Levitating Globe Teardown, Part 2
Part 1 of this article was really more of an extended (and cynical) product review. In this part of the article, I actually take things apart (sometimes a bit more suddenly than I meant to) and show you some innards.First the globe. I knew there was a magnet in there someplace, because it's obviously plastic and it also attracts metal. I had intended to gently part the globe at the glue bond along the equator. I started by trying to gently flex the thing on my work bench, hoping that the glue was significantly more brittle than the surrounding plastic. I was wrong.
The picture shows the remains of the globe. In the lower right of the picture can be seen the circular black plastic magnet holder, and the magnet itself. The magnet was inside the holder, and the holder was attached to the "north pole" of the globe with a plastic rivet. The magnet is a rare-earth magnet, and is the biggest one I've ever seen in a piece of consumer equipment. It's 30mm diameter by 12mm thick. The only bigger ones that I've seen have been pole pieces for motors in aerospace applications, although I'm sure there are some electric motors out there that can sport large magnets, too.
The big magnet is a large part of why this relatively cheap toy can levitate a globe a good half an inch below the head: the magnet starts pulling into the head from about an inch away, and without its globe, plastic holder and rivet, the thing hangs onto the head piece to a scary degree.The picture below shows the detail of the magnet and mount, and the magnet fitting into the mount.
The arrangement of the power cord is one I haven't seen before. Instead of putting the cord on the wall-wart, the cord is on the base and that plugs into the wall wart. The wall wart is rated for 24V at 5VA. It doesn't say, but the circuit design implies that it is an AC adapter.
With all the pieces of globe removed, I took the base apart. The picture shows the copper side of the circuit board, the transistor in its heat sink, and the wires going up into the arm to the head. The circuit board has four holes and there are four standoffs in the base, but there are only three screws -- ain't top-notch workmanship great?
This picture shows the top of the circuit board. The upper left corner has the four diodes for the power supply. I'm assuming that U2 is a 5V or 3.3V regulator. Given the scarcity of resistors and capacitors on the board, that 16-pin DIP is a microprocessor, not a quad op-amp. Clearly someone was concerned that a potential competitor might figure out which 16-pin microprocessor was used here -- although the program to be found inside would be the more critical intellectual property, in my opinion.
The fact that this thing is microprocessor driven makes the performance of the control loop inexcusable, in my humble opinion. Yes, it's just an executive toy, but it could be a really good working executive toy with just a bit more effort!
The large coil that you see in the lower left of the picture is a coil for turning the globe. If you refer back to the picture of the shards-o-globe you'll see a magnet embedded in one half -- that magnet, plus this coil, are there to make the globe spin. It didn't really work right and I don't much care anyway, so I'm mostly ignoring that function.This picture shows the arm mounting from below. The arm is held into the top of the base with a nut, and there are flats on the arm (next picture) that keep it from rotating. The arm is hollow, and there are five wires leading out of it to the circuit board.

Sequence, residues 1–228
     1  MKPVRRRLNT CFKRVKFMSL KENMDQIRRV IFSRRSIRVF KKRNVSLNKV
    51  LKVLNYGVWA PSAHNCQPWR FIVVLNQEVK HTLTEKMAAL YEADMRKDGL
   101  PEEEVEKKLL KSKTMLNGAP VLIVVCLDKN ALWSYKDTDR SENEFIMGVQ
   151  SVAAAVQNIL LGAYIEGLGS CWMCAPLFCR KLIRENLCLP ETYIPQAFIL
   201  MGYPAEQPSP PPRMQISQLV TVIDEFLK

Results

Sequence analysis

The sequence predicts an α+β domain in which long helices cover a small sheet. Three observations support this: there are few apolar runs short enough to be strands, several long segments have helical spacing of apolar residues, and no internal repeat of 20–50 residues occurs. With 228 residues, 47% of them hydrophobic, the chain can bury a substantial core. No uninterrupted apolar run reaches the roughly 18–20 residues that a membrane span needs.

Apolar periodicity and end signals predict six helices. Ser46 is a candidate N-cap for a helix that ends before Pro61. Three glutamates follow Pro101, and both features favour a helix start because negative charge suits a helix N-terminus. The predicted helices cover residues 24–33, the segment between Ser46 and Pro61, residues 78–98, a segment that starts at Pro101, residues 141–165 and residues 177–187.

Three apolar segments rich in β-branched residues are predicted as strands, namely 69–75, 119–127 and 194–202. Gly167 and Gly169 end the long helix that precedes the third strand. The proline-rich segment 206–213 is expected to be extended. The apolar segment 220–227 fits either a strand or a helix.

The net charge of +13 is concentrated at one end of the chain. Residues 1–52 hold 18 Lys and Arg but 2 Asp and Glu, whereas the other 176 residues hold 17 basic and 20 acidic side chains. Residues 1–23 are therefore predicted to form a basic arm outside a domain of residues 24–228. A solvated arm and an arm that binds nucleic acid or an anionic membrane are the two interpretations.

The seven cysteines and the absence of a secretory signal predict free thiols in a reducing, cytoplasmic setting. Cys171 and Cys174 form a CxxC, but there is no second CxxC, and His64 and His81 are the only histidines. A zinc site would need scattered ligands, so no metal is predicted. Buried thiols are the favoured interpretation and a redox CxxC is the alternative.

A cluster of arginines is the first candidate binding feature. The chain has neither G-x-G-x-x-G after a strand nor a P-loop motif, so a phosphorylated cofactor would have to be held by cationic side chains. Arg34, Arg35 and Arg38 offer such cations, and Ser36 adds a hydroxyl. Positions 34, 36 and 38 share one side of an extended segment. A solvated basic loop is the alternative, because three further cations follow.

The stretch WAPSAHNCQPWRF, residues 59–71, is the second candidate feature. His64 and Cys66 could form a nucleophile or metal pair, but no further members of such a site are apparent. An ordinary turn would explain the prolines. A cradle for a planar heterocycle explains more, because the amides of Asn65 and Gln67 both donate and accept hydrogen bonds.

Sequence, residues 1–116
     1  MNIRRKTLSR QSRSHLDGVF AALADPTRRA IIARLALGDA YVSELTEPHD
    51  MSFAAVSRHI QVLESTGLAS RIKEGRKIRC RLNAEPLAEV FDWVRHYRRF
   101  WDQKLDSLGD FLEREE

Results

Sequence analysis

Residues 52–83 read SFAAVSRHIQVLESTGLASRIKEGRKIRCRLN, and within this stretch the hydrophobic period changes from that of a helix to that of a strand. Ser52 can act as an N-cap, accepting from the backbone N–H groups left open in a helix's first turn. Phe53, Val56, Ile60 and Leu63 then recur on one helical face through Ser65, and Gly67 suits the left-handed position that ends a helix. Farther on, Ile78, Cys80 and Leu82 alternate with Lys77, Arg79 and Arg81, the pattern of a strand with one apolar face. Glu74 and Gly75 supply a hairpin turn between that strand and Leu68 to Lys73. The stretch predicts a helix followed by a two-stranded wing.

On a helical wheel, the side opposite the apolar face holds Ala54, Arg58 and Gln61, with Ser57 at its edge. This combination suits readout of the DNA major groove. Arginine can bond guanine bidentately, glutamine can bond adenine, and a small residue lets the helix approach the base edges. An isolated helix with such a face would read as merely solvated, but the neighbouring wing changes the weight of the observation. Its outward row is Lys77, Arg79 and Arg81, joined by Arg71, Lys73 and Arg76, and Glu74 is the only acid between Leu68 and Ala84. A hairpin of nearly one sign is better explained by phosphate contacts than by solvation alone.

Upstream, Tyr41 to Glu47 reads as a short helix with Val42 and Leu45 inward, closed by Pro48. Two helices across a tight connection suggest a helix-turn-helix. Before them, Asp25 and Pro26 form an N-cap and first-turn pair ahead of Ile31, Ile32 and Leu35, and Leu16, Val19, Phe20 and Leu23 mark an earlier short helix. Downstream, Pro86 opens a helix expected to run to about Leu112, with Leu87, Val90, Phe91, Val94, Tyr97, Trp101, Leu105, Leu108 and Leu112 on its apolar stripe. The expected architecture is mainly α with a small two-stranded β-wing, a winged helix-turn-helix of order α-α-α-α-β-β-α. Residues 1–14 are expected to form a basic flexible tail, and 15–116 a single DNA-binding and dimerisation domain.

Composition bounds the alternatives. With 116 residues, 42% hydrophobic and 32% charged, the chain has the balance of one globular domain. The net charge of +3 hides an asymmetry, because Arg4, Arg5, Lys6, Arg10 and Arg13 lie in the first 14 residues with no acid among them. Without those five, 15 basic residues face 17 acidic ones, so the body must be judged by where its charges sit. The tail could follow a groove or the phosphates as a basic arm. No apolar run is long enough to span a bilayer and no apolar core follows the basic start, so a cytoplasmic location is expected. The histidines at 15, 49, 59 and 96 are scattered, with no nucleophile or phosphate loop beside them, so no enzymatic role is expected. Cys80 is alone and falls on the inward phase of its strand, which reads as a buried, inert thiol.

This picture shows the arm out of the base. You can see the flats that hold it in alignment. I think this is clever design: for a very little bit of money spent in manufacturing, they've made sure that the arm gets put together right and always stays in place. I may be making snarky comments about this gizmo, but in some ways the design itself is well thought out.
Here's a picture of the head, with its cover removed. The cool high tech magnetic core is -- a bolt! A crummy bolt. That black thing on top of the bolt is, I'm sure, a hall sensor. I'm not sure how the hall sensor reads the position of the magnet when its readings are confounded by the current flowing through the electromagnet, but I plan on gathering data for part 3 of this series.
Here's a view of the head with the hall sensor pried off the bolt. Someone actually took the trouble to run the bolt through a milling machine, or the paid someone to do a pretty good job with a file.It may not be apparent from the pictures, but the housing for the head piece is stamped out of steel and chromed. I'm sure that this helps concentrate the magnetic lines of force from the head and thus gives a longer 'hang' distance.
And finally, here's a shot of the electromagnet completely disassembled. While the top part of the head is plastic with flashed-on chrome, inside is a plain flat stee part, threaded for the bolt and keyed to the head stamping with dimples that fit into matching holes in the stamping. Here again, I'm sure that the reason this is made of steel is to provide a path for the magnetic flux.
So with the exception of finding a bolt (fer cryin' out loud) as the central part of the magnetic circuit, I haven't found any surprises at this point, although there's a lot of nifty detail.
Careful inspection of the placement of the "ventilation" holes in both the base and the head will reveal that whoever designed this thing believed that if you ventilate the bottom of a hot part then you're all set -- even if you haven't done anything about the top. The directions warn about heat, but if they'd really wanted to get rid of the heat there should be some mechanism for venting air out of the top of the base and head.
I was somewhat surprised at how fine the wire is in the head. This is interesting. I'm not sure what the designer was thinking -- the wire is fine enough to impact the difficulty and expense of winding the head, yet the whole thing is powered off of a 24VAC wall-wart. Had they designed the system to operate off of 12 volts they could have doubled the wire area and halved its length, making it less likely to break while winding, and requiring fewer turns to wind.